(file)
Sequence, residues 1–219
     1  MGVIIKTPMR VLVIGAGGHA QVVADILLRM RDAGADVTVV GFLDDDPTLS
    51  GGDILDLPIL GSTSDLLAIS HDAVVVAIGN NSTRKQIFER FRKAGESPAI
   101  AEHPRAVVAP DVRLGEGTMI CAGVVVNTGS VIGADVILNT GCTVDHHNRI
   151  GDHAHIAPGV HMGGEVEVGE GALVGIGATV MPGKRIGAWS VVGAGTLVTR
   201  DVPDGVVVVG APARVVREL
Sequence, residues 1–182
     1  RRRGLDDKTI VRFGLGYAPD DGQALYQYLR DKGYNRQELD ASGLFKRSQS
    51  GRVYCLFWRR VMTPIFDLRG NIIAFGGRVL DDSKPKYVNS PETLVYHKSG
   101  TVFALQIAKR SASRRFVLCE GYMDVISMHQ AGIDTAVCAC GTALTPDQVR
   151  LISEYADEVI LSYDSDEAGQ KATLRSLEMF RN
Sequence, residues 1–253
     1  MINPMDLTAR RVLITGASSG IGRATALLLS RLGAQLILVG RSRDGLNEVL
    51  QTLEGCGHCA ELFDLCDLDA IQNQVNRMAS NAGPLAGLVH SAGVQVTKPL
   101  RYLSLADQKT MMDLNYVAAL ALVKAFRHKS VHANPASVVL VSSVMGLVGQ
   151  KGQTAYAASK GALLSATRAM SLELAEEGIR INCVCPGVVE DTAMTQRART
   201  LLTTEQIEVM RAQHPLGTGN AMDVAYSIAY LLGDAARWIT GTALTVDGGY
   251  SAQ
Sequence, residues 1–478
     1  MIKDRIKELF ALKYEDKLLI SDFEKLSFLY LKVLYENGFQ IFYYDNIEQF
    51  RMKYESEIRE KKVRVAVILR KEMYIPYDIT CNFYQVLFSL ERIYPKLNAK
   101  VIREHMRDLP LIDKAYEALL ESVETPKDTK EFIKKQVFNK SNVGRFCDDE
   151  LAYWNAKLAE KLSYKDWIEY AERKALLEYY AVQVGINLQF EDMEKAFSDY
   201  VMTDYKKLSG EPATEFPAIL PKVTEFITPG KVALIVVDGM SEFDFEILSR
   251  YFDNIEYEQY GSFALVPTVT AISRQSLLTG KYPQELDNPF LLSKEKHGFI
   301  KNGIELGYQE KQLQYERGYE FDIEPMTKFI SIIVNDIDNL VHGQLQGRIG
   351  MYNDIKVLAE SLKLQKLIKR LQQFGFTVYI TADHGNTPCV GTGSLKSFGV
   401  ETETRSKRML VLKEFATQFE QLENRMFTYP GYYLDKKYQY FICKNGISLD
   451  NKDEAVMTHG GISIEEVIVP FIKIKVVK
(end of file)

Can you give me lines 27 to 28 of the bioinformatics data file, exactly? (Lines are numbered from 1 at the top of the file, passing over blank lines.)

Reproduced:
   351  MYNDIKVLAE SLKLQKLIKR LQQFGFTVYI TADHGNTPCV GTGSLKSFGV
   401  ETETRSKRML VLKEFATQFE QLENRMFTYP GYYLDKKYQY FICKNGISLD